The director of the Penobscot County 911 call center resigned late last month.
The county will accept applications to fill Chad LaBree’s former position as director of the Penobscot Regional Communication Center until Sept. 14, County Administrator Bill Collins said. The salary will depend on a candidate’s experience but will be “north of” $70,000, he said.
LaBree, who became head of the communications center in July 2014 after leaving a similar position with the Maine State Police, accepted a position in emergency communications at a private company, he said.
During his last few months as director, he oversaw the absorption of Bangor’s 911 calls — a cost-cutting consolidation process that took months of planning and culminated in May.
“Penobscot Regional Communications Center is one of the best emergency communication centers in the State of Maine and the citizens, responders and visitors of Penobscot County are very lucky to be protected by such a professional high skilled group of people that are there,” he wrote in an email.
Deputy Director Chris LaVoie has been serving as acting director since LaBree’s resignation in late July, LaVoie said.
The communications center fields landline 911 calls and most cell phone calls for Penobscot County, and handles calls gathering information from 911 callers in Aroostook County. But until last May, communications center’s coverage area didn’t include Bangor, which operates its own dispatch center out of the police station.
Answering a 911 call and gathering information from the caller — or “PSAPing” — is a different job than than the act of dispatching a first responder to the scene, LaBree said in a May interview.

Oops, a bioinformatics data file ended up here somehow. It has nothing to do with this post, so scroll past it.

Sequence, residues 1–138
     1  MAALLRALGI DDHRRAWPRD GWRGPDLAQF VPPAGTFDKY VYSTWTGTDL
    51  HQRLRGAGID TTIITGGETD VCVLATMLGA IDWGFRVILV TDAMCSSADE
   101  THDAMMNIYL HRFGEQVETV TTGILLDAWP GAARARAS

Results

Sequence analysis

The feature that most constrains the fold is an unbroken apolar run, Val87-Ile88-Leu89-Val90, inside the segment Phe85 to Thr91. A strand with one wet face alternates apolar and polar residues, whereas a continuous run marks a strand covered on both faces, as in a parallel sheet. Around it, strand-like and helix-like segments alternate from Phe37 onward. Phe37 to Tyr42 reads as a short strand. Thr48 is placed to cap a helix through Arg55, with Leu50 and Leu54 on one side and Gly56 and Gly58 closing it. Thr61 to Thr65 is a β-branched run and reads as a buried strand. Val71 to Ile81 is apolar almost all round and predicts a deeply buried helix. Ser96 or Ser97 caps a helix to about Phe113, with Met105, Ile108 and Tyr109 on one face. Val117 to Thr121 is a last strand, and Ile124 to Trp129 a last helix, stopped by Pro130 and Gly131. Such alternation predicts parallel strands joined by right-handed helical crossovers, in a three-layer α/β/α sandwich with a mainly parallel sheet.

Dispatchers also communicate information to law enforcement officers over the radio and answer nonemergency calls from the public. The communications center had performed both duties from the majority of the county except for Bangor until May.
Before LaBree’s time, Bangor voters shot down a plan to consolidate the their local police station’s dispatch center with the county’s during a fraught 2011 referendum.
But the transition last spring unfolded without any reported complaints because Bangor police retained their dispatch center, including the familiar dispatchers Bangor voters fought to hang onto in 2011. The police station still performs dispatching duties and answers calls from the public but now relies on the communications center for PSAPing, LaBree explained.
As the county looks to replace LaBree, Collins said the county also plans to hire more call center employees — a job that LaBree described in a May interview as a high-intensity, “ever-evolving” job whose importance is often overlooked in the chain of emergency first response.
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